Saturday, April 09, 2005

Nuclear Pipe Dreams

It's amazing how much journalists can get paid for being not only irresponsible and ignorant, but for turning logic entirely on its head. Watch how a pro like Nicholas Kristof does it:

It's increasingly clear that the biggest environmental threat we face is actually global warming, and that leads to a corollary: nuclear energy is green.
How does this stuff get past the editors? A child of five could be taught - without much effort - to understand the logical problem with this statement.

There may be a legitimate argument for a return to nuclear power, but I haven't seen it yet. The facts are these: Radwaste disposal is impossible. Storage is unconscionably dangerous, and reprocessing is both dangerous and astronomically expensive. External costs associated with spent nuclear fuel - which get picked up by taxpayers, or thrust onto helpless countries like Nauru - make it far more costly than anyone in industry or government lets on. If that's "green," by Kristof's standards, I'd hate to see his idea of "unsustainable."


Jesse said...

Maybe Nicholas means that the glow that nuclear radiation gives off is green... ;)

I'd like to send him some pictures from Chernobyl, too, so he can see how "green" nuke power really is.

Thersites said...

Gosh, that's a pretty crummy stab at a "corollary." What he really has is a false syllogism:

1. Global warming caused by fossil fuels is an enviromental problem.

2. Nuclear energy does not use fossil fuels.

3. Therefore, nuclear energy is environmentally sound.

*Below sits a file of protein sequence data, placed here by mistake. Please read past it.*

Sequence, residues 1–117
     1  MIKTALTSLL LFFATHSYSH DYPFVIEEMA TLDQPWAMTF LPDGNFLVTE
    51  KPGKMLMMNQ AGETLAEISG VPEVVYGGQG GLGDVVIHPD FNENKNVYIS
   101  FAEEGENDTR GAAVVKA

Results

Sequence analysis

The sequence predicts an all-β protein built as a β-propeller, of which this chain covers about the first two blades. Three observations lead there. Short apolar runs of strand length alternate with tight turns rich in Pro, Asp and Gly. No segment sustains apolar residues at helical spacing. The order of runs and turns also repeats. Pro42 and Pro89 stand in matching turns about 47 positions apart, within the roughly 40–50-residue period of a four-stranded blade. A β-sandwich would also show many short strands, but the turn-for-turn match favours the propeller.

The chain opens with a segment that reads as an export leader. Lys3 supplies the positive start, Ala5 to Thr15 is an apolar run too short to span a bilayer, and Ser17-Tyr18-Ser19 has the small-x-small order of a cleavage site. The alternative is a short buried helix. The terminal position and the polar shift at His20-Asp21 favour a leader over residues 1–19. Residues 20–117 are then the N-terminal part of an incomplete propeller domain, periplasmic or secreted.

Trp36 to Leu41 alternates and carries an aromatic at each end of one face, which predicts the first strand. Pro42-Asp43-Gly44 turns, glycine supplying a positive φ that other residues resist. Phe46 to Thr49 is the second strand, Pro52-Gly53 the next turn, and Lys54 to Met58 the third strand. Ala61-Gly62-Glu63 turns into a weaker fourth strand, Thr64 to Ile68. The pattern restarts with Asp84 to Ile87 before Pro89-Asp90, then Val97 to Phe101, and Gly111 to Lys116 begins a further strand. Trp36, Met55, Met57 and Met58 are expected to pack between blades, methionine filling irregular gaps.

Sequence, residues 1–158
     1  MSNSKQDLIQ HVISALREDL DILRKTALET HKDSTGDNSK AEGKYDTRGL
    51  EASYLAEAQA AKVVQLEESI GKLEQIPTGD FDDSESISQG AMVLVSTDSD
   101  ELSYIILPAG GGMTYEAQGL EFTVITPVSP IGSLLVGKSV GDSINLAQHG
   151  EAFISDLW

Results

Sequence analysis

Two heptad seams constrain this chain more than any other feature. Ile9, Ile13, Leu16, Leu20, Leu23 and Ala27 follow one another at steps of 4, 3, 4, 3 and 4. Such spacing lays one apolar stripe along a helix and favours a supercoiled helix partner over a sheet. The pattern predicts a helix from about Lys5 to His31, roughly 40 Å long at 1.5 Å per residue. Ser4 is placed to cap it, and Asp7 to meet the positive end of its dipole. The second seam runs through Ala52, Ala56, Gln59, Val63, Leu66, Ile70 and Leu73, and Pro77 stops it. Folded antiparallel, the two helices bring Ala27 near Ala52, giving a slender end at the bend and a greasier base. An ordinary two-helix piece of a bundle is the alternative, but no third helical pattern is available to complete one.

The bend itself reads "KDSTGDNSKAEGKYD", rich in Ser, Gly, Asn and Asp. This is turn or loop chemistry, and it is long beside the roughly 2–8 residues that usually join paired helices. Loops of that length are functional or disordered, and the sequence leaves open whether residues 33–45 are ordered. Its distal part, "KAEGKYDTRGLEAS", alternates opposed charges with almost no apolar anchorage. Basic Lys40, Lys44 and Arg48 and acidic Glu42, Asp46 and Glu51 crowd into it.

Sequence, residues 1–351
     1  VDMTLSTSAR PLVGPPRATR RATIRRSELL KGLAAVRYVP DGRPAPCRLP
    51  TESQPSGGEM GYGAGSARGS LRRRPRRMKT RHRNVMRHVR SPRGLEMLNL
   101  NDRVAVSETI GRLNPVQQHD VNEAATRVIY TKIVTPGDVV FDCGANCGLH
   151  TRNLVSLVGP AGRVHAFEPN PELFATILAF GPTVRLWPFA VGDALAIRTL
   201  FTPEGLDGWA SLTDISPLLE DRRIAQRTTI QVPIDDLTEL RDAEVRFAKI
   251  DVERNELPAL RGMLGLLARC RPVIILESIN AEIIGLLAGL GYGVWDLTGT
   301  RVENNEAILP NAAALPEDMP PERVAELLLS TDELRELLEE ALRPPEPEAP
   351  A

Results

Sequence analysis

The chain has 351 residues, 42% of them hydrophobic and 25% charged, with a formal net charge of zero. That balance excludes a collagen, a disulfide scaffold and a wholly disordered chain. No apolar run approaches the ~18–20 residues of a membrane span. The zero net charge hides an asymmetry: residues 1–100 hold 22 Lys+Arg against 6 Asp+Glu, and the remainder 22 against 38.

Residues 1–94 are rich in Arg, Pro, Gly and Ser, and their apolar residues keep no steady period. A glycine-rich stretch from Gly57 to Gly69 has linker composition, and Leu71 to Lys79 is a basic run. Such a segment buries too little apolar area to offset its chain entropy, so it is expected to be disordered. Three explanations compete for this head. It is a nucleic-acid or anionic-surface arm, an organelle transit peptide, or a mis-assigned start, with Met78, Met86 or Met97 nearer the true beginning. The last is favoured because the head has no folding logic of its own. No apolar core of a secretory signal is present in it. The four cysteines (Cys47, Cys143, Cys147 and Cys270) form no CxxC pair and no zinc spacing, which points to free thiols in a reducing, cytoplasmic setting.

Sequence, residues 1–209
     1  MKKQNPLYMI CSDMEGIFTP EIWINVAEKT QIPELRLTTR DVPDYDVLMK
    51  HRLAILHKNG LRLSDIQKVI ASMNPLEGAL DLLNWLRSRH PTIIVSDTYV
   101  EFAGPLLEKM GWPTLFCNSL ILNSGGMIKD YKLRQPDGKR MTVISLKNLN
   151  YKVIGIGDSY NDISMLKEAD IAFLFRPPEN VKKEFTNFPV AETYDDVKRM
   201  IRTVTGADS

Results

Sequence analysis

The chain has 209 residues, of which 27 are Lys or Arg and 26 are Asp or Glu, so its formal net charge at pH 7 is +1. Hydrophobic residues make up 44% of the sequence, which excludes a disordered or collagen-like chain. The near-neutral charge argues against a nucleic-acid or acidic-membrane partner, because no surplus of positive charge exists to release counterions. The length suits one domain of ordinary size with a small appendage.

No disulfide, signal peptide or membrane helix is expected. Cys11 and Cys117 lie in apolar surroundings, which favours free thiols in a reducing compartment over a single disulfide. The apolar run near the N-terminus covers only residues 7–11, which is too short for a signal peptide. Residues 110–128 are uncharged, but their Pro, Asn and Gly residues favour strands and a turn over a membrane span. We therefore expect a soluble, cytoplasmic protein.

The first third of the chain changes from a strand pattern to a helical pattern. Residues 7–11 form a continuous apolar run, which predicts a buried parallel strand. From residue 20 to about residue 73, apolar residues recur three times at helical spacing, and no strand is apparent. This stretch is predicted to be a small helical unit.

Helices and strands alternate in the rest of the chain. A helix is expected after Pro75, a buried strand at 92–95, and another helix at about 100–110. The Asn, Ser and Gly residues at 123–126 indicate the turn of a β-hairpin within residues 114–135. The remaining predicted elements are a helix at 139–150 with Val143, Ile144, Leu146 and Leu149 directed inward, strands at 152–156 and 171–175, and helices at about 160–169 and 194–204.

Let me ask my 5-Year-Old if he sees the problem here. It'll have to wait until after SpongeBob, though -- I don't want him to be rotting his mind with this Kristof garbage when he is doing something more intellectually rigorous.

monkeygrinder said...

Kristof's tone in the piece is offensive - "It's time for the rest of us to drop that hostility (to nukes)"

Why? Because without 10,000 nuke plants, there is an expiration date attached to unlimited growth of industrial culture?

I bet that would be it.

michaelm said...

Very good point Phila, I'm surprised he had the audacity to print that. Also, I really like Monkeygrinder's analysis: "Because without 10,000 nuke plants, there is an expiration date attached to unlimited growth of industrial culture?" Well put.
I referenced you here.
This is a sort of trackback.

Rmj said...


I think it's a fallacy of the undistributed middle.

But I could be wrong.

Is SpongeBob over yet?

echidne said...

I can't find your e-mail address, Phila, so I'm saying something OT here: I have appointed you for the awful book meme. (Ducks for cover.)

The details are on my blog if you don't know the rules yet. You can always just ignore the pyramid scheme, of course.